Private home prices climb at faster pace in Q3 despite tight curbs

Private home prices rose at a faster rate in the third quarter despite tighter Covid-19 curbs, thanks to the booming landed property sector and flow-on effects of the red-hot Housing Board resale market.

Values climbed 1.1 per cent from the second quarter, according to Urban Redevelopment Authority (URA) data yesterday.

This comes after a 0.8 per cent rise in the second quarter and a 3.3 per cent gain in the first.

Prices rose 7.5 per cent year on year and were up 5.3 per cent to date this year.

Landed home prices shot up 2.6 per cent in the third quarter, compared with a 0.3 per cent drop in the second, buoyed by robust sales of good class bungalows.

Prices rose at a slower pace for condominiums and apartments, up just 0.7 per cent in the third quarter compared with a 1.1 per cent lift in the previous quarter.

Prime district prices fell 0.5 per cent compared with a 1.1 per cent gain in the previous quarter. Suburban prices dipped 0.1 per cent after a 1.9 per cent jump in the second three months of the year.

Prices in the city fringe or the rest of central region saw the strongest growth, gaining 2.6 per cent, compared with a 0.1 per cent rise in the previous quarter.

In terms of transaction volume, sales of new non-landed homes, excluding executive condominiums (ECs), rose 19.7 per cent in the third quarter to 3,550 units, from 2,966 units in the second quarter.

Around 700 new EC units were sold in the third quarter, up 45 per cent from the 495 units sold in the previous quarter, PropNex said.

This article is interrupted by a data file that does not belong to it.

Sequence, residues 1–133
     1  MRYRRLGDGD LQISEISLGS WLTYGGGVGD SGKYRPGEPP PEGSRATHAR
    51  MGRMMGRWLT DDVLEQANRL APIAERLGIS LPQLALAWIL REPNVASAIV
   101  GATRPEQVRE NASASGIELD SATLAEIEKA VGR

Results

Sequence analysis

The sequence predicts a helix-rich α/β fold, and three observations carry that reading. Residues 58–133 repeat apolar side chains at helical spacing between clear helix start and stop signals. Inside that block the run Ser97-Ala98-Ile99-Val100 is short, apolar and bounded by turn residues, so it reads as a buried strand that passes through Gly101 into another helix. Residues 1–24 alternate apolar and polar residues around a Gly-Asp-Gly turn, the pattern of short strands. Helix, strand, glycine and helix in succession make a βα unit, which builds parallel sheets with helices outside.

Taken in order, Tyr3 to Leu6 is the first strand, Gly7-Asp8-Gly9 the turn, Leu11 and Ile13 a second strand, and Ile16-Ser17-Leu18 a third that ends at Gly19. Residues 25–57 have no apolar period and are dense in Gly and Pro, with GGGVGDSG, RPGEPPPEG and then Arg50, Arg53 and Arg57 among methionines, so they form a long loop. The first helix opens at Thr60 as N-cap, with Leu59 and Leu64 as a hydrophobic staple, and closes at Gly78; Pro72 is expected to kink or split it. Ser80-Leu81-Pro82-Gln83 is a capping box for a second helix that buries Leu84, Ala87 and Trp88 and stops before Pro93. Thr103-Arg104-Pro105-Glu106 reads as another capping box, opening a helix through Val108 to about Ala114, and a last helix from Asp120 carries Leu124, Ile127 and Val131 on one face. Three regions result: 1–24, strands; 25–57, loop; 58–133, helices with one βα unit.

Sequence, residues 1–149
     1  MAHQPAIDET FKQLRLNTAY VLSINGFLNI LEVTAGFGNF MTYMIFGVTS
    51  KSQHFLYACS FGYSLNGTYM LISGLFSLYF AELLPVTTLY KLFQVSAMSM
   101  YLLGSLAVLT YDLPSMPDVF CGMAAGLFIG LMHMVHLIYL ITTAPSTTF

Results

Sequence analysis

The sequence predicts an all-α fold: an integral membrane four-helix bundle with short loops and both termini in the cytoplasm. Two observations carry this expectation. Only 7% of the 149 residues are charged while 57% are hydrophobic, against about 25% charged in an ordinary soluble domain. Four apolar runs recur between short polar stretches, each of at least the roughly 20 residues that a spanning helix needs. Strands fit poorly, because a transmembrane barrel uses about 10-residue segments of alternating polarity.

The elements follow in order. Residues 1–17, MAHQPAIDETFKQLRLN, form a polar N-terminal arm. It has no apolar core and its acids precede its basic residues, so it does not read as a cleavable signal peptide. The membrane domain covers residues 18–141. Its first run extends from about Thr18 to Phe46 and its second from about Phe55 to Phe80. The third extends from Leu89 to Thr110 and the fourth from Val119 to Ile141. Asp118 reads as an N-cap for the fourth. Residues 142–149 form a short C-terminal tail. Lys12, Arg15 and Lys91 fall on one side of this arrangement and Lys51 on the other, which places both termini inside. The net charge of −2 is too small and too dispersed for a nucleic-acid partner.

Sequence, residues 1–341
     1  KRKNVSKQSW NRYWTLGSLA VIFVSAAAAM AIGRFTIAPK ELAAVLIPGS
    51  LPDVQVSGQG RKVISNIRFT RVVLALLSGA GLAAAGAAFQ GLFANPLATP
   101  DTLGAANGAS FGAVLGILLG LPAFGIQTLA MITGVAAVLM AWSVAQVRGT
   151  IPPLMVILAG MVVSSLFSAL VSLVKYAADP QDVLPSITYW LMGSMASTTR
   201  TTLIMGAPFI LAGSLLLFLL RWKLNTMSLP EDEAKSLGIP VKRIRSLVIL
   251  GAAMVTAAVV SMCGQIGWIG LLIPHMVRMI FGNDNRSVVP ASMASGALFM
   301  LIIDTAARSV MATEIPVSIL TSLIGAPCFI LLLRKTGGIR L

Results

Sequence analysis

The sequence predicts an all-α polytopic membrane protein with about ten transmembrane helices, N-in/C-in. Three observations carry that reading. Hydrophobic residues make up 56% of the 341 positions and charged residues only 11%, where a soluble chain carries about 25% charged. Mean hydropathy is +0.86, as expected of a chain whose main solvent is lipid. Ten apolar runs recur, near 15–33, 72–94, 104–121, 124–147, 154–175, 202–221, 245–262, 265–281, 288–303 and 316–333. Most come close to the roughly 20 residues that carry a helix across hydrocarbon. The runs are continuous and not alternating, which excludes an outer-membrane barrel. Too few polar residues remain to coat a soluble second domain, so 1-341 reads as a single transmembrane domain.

Fuelled by upgrader demand and an improving economy, take-up rates rose despite an 8.8 per cent drop in new private homes launched in the third quarter - to 2,149 units, from 2,356 units in the previous quarter.

New suburban launches such as Pasir Ris 8 and The Watergardens at Canberra benefited from pent-up upgrader demand and boosted sales at existing projects, said Ms Tricia Song, head of research for South-east Asia at CBRE.

Apart from Normanton Park, suburban projects made up nine of the top 10 best-selling condos for the quarter, she noted.

Ms Christine Sun, senior vice-president of research and analytics at OrangeTee & Tie, said the launch of quarantine-free travel lanes with a few countries could further boost demand.

Mr Wong Xian Yang, head of research for Singapore at Cushman & Wakefield, said new launch prices are expected to rise amid higher construction and land costs as well as diminishing unsold inventory.

The number of unsold completed and uncompleted units fell nearly 12 per cent quarter on quarter to 17,165 - a new low since the second quarter of 2017 when there were 16,929 unsold units. This is expected to boost bidding activity for the upcoming government land tenders and more collective sale attempts.

Resale transactions also rose to 5,362 units from 5,333 in the previous quarter. The last time resale volumes exceeded 5,000 units was in the second quarter of 2010 when about 5,200 were sold, PropNex said.

Ms Song cited construction delays and a widening price gap between new launches and resale properties as reasons for the surge in resale volumes.

In the rental market, landlords were still able to command higher rents in recent months because of limited available stock and new home construction delays.

But overall, the growth in private home rents slowed slightly to 1.8 per cent in the third quarter, compared with a 2.9 per cent increase in the second quarter.

Rents of non-landed homes rose 1.4 per cent after a 3.1 per cent lift in the previous quarter.

Prime area rents grew 0.7 per cent, while those in the city fringe rose 1.6 per cent. Rents in the suburbs jumped 2.6 per cent.

Tenants are taking on longer leases in view of the pandemic, said Mr Leonard Tay, head of research at Knight Frank Singapore. "Expatriates are contributing to rental demand as companies in the tech sector ramp up activities in Singapore," he added.

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A version of this article appeared in the print edition of The Straits Times on October 23, 2021, with the headline Private home prices climb at faster pace in Q3 despite tight curbs. Subscribe